I would start by taking the most serious mistakes to the boss. It sounds like it could be a lot of work to find and correct them all.
If Boss just tells you to deal with it, I would start with an email. Basically, I would give a couple examples of what he did wrong and tell him he needs to go through his stuff and fix all of the mistakes, and get the revisions to you by a deadline. And I would say when I would be available to help/give advice. I do think the guy should be thanked for what he got right, but the mistakes sound to me like things that should not be soft-pedaled. I would probably go with straightforward--you did X wrong, please fix it by Y date, ask me if you have questions.
Misspellings and context errors are just sloppy; but he should be able to fix them fairly quickly and easily. You may have to give him more guidance about data interpretation, but my goal would be to not walk him through every single case, but rather point out a pattern that he can follow on his own. My optimistic assumption would be that he wants to improve and do well, so this is his chance to learn from his mistakes. And, *I* don't want to have to mark every single thing he did wrong--after a few examples he should be able to spot the mistakes and fix them in documents you haven't even looked at yet.
I've been on both sides of the fence. I proofread a lot of things written by non-native English speakers, so if they're making repeated mistakes, I'll mark a few then give them a broader rule to follow: "Check your verb conjugations" or "X-Y or XY--pick one and be consistent" or "Use more articles (a, an, the)." I don't want to mark every single thing and then have them fix it blindly, and make the same mistakes next time--I want them to learn and improve, and make fewer mistakes next time.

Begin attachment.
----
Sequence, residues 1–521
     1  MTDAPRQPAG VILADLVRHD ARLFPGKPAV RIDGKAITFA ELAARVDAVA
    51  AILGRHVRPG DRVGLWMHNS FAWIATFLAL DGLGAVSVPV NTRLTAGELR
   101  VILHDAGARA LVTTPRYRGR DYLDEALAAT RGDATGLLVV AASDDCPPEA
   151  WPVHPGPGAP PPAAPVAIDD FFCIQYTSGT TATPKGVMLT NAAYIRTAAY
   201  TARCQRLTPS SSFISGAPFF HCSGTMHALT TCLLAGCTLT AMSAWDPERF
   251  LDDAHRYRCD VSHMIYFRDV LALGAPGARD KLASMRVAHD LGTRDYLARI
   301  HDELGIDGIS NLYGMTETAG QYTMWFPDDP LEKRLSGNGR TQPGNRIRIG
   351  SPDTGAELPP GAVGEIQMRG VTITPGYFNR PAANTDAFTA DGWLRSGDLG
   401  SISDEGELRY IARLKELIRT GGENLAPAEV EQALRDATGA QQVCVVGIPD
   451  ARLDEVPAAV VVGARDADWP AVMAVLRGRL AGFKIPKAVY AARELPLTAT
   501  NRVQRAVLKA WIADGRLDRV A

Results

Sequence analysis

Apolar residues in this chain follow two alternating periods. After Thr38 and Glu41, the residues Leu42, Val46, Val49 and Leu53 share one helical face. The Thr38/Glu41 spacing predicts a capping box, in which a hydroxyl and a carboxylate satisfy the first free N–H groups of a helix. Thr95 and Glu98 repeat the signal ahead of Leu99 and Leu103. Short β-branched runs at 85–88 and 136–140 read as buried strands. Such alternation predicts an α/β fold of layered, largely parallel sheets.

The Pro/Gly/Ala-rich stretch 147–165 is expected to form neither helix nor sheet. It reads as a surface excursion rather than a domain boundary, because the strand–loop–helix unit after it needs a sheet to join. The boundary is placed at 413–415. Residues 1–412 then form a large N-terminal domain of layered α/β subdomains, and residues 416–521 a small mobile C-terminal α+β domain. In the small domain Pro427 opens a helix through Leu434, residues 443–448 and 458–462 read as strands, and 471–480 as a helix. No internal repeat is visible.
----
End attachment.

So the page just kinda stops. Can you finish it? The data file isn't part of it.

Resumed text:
Plus, I know that when I make a repeated mistake, or a stylistic choice my boss doesn't like, I'm embarrassed and/or frustrated when she keeps pointing it out. I'm embarrassed enough that I spelled something (a name, say) wrong, and I will immediately go back and correct it ruthlessly--mentioning/marking all dozen times I spelled it wrong just compounds my embarrassment. Or, "I want the section headings underlined." Okay, noted, I will go back and do that. Making a big deal out of how the section heading isn't underlined every single time, when I haven't had a chance to fix it yet because we're still here talking, just makes me frustrated.